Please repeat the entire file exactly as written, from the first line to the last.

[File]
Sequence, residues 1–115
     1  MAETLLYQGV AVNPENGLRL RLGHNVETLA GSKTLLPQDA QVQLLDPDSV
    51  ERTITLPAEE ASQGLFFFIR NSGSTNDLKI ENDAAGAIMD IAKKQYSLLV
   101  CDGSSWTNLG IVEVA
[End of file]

Sequence, residues 1–115
     1  MAETLLYQGV AVNPENGLRL RLGHNVETLA GSKTLLPQDA QVQLLDPDSV
    51  ERTITLPAEE ASQGLFFFIR NSGSTNDLKI ENDAAGAIMD IAKKQYSLLV
   101  CDGSSWTNLG IVEVA